Need political consensus to avoid ordinance route: Venkaiah Naidu
New Delhi, Feb 09: Rajya Sabha Chairman M Venkaiah Naidu on Tuesday suggested that it would be "really good" if both central and state governments agree not to follow the ordinance route for enacting laws, but stressed that political consensus is needed for it.
It is not going to help if political parties have an attitude that "if I am in power, I will issue ordinances. When you are in power, don''t issue ordinances", Naidu said in the Upper House after an opposition member expressed concern over the Centre taking the ordinance route.
The chairman said the "spirit of democracy" in the context of the ordinance mechanism should be understood and to the extent possible, the government should return to the legislative process for enacting laws.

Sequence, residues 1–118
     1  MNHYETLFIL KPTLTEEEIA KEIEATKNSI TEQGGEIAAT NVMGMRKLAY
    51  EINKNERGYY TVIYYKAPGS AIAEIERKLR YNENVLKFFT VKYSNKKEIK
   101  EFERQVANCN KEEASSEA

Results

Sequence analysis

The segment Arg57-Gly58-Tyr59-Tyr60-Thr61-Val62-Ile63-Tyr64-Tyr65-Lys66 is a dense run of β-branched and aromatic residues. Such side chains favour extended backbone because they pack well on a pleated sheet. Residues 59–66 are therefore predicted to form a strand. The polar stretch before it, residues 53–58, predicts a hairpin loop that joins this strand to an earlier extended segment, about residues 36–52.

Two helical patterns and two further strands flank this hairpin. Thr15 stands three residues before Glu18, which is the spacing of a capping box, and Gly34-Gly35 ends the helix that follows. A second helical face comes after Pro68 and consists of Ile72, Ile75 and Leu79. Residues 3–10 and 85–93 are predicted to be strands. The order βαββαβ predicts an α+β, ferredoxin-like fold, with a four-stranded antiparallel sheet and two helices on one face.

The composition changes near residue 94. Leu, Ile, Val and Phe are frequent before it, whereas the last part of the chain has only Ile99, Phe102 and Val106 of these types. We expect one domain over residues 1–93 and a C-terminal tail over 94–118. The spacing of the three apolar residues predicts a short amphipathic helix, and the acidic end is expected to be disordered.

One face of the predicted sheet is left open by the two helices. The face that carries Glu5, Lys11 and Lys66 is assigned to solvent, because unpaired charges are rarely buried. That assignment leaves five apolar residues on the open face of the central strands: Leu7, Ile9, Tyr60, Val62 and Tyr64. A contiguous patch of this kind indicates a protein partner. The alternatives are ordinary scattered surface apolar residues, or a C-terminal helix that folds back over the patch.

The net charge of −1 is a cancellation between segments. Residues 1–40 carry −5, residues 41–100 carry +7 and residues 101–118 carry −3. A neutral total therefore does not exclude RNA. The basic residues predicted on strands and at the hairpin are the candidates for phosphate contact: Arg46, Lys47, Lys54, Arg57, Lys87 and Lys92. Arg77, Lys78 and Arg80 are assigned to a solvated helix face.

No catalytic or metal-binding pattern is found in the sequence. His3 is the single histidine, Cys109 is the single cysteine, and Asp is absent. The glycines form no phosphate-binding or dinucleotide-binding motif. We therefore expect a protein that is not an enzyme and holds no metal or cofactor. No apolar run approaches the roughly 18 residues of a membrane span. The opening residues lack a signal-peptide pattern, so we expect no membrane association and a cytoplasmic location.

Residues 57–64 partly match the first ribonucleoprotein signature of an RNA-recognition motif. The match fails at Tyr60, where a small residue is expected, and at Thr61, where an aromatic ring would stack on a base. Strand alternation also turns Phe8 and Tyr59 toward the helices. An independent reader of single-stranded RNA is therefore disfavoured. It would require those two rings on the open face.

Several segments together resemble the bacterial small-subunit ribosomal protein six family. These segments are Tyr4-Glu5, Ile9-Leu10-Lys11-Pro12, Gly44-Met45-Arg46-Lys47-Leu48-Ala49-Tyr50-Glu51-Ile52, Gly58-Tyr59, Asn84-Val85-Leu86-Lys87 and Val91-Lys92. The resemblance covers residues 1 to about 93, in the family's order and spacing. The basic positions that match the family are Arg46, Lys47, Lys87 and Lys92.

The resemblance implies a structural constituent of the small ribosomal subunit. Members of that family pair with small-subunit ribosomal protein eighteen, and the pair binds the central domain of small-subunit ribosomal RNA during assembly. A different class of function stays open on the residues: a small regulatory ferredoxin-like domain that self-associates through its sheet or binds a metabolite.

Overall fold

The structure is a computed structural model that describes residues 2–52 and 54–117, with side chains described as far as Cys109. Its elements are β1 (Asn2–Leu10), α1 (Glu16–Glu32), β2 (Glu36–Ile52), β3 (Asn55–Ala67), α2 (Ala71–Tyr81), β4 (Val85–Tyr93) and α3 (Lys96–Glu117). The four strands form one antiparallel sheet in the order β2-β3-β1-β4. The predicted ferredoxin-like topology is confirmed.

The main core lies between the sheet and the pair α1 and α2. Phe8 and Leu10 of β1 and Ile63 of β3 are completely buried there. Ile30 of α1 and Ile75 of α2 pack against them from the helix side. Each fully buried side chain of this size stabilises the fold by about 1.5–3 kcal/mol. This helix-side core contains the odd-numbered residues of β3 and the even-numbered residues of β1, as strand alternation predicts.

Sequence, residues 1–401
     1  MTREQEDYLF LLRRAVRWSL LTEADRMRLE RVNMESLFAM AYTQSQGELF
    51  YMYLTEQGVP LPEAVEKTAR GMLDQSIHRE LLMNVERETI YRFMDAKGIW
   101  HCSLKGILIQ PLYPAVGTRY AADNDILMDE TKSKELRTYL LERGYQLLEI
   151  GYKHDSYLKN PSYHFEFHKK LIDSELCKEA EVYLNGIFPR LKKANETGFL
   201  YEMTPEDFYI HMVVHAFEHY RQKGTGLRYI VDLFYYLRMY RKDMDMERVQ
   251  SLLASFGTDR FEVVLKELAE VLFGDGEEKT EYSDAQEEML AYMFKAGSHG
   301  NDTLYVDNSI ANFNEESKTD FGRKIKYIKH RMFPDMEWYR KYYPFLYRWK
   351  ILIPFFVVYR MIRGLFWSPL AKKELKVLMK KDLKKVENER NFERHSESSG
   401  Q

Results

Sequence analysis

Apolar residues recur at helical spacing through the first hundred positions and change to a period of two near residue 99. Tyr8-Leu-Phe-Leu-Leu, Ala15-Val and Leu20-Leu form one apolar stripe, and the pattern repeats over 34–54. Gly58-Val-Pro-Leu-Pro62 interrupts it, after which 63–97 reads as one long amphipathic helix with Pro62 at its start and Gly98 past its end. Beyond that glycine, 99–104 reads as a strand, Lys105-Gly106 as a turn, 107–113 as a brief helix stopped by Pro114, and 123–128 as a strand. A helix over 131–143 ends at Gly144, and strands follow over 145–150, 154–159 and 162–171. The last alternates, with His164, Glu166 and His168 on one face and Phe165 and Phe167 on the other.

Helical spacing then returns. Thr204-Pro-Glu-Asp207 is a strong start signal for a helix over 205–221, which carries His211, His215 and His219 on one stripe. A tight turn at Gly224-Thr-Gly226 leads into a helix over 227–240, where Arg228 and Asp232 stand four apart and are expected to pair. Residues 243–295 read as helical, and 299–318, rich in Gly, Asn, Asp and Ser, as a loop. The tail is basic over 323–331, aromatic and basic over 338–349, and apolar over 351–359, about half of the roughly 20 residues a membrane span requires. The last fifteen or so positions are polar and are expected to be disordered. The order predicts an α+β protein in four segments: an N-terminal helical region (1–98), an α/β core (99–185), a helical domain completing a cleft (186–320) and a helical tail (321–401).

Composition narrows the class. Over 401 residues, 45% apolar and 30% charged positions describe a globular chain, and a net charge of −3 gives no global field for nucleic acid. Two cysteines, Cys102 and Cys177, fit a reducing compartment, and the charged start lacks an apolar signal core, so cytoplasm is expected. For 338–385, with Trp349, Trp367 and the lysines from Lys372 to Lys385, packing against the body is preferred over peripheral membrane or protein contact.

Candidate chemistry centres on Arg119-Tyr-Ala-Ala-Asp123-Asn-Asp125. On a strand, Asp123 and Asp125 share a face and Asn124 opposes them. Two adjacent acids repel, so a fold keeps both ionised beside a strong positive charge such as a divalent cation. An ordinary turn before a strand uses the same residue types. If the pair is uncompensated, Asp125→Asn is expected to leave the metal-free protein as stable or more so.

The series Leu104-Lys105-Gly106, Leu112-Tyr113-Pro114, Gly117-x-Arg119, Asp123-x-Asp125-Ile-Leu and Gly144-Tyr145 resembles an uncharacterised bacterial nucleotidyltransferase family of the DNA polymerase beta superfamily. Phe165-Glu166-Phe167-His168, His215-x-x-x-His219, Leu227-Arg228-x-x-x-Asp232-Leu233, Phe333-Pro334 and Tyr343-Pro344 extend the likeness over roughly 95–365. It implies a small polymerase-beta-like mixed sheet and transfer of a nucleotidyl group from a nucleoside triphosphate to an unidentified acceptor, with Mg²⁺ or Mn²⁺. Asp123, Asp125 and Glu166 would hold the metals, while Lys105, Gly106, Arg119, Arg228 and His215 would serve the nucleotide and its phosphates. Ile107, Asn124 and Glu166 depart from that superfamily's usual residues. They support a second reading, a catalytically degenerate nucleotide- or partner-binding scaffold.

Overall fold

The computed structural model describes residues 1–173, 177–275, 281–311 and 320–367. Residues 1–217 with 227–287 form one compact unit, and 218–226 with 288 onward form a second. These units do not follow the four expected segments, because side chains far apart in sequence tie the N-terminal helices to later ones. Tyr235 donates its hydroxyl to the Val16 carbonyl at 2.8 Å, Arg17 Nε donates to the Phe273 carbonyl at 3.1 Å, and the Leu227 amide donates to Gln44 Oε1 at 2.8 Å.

CPI leader Binay Viswam alleged that the current government has a "tendency to bypass Parliament" and take the ordinance route to bring laws.
Viswam, while participating in a debate on the NCT Delhi laws (special provisions) second amendment Bill 2021, said 42 ordinances were brought during the NDA-I tenure and 77 under NDA-II till now. However, during UPA I-II together, a total of 59 ordinances were promulgated.
Further, the CPI leader requested the chairman to give a "strict instruction" to the government that the ordinance route cannot be allowed to be the practice. To this, the chairman said: "If all central government and state governments agree on this - ''not to issue ordinance - that will be really very good. That has to be with the consensus of the political parties."
Urging the members to understand the spirit of democracy, Naidu said that he has seen in the Upper House that people opposing ordinances speak about the ''spirit of democracy''''.
"Keep that in mind, the spirit of democracy has to be understood, and to the extent possible, we must return to the form of legislation," he said. Before the debate on the bill, Congress leader Shaktisingh Gohil had raised a Point of Order under Rule 66 (A123) on using the power of ordinance cautiously.